The newest addition at Orlando International Airport is missing a key component needed by travelers visiting the busiest airport in the Sunshine State.
MCO’s new Terminal C is a breathtakingly beautiful addition to the airport. The state-of-the-art complex is the product of decades of planning and more than five years of construction. The $2.8 billion addition houses ten different airline carriers, including Aer Lingus, Azul, British Airways, Emirates, Caribbean, Gol, Icelandair, JetBlue, Lufthansa, and Norse Airlines, and has 15 gates that can accommodate a total of 20 aircraft.
Terminal C also boasts 80,000 square feet of “concessions space,” which includes Barnie’s Coffee & Tea Co., Provisions by Cask & Larder, Cucina & Co., Orlando Brewing Bar & Bites, Wine Bar George, Olde Hearth Bread Co., Sunshine Diner by Chef Art Smith, Orange County Brewers, Raw Juice, and Cask & Larder Public House. There are also unique offerings in shopping and a massive state-of-the-art media display.
But for all Orlando International’s beautiful new Terminal C offers, the new passenger-friendly complex is missing a very important feature, especially for passengers who choose to fly with Jetblue. In fact, those passengers would do well to wear a supportive pair of running shoes during their flights so that when they land at MCO, they won’t have to add achy feet to their post-flight woes.
That’s because the new Terminal C has no moving walkways. It’s a massive space, but there isn’t a single moving walkway to be found. Jetblue passengers have a long walk ahead of them, as many of them say it takes them more than 15 minutes to walk to the furthest gate in the terminal because it is often a walk of approximately half a mile.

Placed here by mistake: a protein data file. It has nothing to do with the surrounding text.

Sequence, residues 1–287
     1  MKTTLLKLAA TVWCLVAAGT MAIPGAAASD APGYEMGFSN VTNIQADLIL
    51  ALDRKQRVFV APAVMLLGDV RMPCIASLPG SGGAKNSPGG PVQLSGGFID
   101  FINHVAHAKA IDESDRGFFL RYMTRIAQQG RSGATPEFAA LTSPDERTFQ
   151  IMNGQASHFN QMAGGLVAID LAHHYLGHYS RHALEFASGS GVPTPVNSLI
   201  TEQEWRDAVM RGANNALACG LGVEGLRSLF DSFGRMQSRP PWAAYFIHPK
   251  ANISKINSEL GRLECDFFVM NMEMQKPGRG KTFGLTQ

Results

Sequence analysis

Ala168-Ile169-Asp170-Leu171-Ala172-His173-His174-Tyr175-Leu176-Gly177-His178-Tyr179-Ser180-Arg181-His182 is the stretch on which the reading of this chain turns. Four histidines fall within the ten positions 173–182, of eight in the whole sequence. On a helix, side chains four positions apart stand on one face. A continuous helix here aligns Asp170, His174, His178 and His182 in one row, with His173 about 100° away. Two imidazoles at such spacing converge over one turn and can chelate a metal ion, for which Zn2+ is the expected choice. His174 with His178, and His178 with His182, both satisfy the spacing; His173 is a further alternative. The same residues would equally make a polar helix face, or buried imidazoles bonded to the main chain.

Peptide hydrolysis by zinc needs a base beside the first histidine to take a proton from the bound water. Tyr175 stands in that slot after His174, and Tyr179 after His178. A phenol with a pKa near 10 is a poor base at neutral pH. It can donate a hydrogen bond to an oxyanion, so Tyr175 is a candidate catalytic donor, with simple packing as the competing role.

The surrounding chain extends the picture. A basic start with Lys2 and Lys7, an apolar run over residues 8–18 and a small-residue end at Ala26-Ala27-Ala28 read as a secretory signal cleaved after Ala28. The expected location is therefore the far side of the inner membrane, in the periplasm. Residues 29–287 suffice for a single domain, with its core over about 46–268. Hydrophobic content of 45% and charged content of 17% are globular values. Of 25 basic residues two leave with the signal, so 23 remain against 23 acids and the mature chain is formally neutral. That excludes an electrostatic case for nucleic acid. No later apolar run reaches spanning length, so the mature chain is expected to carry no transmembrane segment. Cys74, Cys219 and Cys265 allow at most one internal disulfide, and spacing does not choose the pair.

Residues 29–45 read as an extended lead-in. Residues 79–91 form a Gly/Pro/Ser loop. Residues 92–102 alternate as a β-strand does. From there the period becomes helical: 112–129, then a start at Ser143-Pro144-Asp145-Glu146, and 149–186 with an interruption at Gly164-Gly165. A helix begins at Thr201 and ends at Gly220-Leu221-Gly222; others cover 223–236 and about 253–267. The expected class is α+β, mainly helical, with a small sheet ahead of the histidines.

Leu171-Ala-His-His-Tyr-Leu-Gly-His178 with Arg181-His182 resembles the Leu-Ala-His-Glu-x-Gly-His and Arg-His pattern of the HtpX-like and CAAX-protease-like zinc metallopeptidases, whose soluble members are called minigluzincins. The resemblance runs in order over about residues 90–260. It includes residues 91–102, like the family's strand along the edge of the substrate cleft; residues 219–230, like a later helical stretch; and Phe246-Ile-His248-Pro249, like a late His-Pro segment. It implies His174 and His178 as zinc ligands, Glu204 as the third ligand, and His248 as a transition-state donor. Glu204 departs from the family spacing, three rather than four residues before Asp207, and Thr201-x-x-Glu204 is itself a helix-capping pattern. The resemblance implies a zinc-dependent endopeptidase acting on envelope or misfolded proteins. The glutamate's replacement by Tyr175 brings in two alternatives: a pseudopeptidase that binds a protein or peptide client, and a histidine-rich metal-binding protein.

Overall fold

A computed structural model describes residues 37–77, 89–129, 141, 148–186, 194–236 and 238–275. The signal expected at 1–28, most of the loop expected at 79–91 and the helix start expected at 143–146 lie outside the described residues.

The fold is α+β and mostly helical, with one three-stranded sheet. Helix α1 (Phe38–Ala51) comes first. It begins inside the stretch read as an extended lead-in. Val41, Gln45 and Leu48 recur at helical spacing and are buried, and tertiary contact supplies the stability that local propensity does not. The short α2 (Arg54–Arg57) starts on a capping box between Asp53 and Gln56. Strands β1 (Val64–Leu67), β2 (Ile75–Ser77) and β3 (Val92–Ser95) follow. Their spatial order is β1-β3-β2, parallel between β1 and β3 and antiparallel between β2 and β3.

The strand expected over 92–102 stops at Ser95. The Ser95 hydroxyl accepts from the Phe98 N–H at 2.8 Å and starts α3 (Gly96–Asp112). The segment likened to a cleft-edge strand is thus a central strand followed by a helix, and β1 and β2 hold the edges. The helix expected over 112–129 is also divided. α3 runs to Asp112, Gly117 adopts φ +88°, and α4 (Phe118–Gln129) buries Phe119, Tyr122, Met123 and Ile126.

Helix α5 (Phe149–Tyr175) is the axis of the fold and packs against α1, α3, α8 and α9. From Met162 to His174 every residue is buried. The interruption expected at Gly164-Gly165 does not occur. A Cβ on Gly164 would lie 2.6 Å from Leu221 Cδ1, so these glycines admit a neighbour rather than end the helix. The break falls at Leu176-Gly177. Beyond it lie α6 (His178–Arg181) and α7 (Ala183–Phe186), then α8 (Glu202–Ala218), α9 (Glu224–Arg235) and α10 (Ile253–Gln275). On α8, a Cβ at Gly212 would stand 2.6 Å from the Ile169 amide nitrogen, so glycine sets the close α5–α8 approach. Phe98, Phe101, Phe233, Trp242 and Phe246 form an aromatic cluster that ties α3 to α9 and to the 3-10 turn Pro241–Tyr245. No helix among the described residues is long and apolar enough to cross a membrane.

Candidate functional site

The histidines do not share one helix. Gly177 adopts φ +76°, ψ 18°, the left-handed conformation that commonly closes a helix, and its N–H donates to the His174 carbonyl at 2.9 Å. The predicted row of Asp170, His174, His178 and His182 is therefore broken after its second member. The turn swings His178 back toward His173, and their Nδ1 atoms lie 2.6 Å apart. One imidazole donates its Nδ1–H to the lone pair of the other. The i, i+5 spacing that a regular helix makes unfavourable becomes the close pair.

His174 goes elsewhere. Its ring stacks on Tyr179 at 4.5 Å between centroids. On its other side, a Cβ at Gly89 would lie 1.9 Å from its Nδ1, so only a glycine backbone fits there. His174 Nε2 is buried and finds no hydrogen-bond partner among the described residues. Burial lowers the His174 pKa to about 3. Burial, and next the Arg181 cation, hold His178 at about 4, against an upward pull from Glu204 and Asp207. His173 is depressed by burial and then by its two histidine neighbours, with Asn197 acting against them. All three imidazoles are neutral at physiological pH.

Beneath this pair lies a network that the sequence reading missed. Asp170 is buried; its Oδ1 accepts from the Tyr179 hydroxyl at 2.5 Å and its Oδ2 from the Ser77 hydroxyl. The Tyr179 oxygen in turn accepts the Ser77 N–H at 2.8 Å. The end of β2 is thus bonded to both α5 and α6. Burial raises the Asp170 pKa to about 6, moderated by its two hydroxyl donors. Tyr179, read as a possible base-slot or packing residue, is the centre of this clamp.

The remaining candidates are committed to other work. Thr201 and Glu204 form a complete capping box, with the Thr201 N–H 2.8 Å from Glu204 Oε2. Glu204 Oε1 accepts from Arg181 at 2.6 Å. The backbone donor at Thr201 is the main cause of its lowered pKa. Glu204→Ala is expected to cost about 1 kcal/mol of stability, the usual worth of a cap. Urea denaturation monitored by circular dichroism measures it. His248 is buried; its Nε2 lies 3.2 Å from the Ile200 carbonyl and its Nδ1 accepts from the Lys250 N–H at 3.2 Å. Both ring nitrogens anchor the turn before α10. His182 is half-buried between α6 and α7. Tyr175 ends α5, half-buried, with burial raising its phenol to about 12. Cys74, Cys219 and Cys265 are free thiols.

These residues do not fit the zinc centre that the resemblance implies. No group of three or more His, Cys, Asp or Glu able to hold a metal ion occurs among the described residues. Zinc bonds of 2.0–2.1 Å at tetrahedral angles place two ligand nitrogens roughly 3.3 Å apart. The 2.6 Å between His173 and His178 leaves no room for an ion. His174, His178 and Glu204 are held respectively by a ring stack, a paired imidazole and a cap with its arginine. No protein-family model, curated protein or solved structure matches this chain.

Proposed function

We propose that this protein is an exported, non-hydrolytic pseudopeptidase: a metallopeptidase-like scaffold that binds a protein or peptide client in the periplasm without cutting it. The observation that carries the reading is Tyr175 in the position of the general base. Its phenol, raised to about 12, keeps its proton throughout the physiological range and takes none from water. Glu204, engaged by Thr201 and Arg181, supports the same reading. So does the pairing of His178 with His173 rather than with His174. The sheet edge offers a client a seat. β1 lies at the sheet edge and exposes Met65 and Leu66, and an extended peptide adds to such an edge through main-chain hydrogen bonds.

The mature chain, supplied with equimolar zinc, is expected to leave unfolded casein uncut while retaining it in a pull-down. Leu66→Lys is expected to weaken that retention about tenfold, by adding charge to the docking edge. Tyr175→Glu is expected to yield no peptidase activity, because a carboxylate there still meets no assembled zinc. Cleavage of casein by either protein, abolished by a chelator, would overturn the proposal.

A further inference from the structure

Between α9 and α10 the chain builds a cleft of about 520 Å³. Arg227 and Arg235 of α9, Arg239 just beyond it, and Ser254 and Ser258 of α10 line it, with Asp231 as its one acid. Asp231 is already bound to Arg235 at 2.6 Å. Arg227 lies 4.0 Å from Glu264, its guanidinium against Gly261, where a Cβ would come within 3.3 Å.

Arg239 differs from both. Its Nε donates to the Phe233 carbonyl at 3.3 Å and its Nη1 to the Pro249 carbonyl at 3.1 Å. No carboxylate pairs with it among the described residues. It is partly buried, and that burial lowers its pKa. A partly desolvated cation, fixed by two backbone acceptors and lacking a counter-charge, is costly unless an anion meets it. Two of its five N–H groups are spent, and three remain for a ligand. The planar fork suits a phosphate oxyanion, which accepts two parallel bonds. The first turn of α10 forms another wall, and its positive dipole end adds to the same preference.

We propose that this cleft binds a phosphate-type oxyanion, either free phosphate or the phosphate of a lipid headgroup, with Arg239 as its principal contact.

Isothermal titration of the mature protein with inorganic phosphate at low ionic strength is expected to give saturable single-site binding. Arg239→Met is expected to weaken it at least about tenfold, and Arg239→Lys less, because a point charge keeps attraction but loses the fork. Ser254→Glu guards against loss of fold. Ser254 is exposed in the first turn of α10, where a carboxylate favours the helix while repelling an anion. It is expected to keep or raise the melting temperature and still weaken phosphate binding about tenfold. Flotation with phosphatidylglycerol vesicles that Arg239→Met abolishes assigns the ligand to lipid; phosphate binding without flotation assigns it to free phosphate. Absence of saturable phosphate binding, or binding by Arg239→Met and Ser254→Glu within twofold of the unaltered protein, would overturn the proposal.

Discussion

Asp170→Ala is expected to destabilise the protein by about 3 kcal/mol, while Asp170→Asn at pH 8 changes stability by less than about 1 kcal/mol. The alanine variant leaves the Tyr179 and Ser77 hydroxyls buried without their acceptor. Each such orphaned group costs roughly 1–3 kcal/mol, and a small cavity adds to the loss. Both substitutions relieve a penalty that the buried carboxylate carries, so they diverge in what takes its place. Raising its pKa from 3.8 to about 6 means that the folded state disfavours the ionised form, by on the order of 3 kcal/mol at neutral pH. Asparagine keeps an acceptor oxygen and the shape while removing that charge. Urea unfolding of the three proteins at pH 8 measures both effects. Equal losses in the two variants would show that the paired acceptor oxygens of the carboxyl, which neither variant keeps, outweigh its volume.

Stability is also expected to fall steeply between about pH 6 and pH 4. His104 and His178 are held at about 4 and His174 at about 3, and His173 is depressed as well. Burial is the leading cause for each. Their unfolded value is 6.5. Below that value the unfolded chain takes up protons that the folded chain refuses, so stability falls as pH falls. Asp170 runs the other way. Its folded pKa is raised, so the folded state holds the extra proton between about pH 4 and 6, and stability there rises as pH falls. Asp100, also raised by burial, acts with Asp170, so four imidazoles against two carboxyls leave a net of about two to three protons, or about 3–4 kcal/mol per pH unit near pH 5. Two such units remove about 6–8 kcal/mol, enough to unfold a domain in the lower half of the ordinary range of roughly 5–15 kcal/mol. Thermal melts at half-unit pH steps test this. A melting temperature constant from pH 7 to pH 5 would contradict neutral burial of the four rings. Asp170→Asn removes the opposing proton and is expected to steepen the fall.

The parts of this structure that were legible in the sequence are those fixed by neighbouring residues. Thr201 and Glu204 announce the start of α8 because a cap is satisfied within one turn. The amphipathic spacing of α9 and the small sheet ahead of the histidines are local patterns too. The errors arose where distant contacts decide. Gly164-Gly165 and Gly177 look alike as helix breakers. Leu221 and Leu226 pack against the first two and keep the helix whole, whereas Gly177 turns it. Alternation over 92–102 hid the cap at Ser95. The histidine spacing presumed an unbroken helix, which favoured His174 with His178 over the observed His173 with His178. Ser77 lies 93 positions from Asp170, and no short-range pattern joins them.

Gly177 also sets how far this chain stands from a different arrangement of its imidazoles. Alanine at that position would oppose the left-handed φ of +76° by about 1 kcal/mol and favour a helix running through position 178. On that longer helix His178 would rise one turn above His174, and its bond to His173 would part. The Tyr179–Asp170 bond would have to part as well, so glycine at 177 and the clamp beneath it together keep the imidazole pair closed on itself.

And according to some passengers, that walk can feel even longer, depending on how much luggage they’re lugging around, and whether they’re pushing a stroller as well.
But according to the CEO of Orlando International Airport, Kevin Thibault, this was never supposed to be the way things worked in the new sunlight-filled terminal.
“From the inception of the project, in keeping with the strategic plan, and in a value-engineering focus, GOAA made cognizant efforts to stay within budget,” Thibault said. “In the architecture of record’s report in 2017, the walkways were reduced by 10 feet. As a result, the moving sidewalks were removed because conventional standards dictated they would not fit.”
Thibault went on to say that MCO is currently looking into ways to install moving walkways now.
“What we are now doing is challenging those conventions and seeing how we could do a retrofit,” Thibault said.
It’s not clear at this time whether such a retrofit is possible, so we will continue to monitor this story as it develops.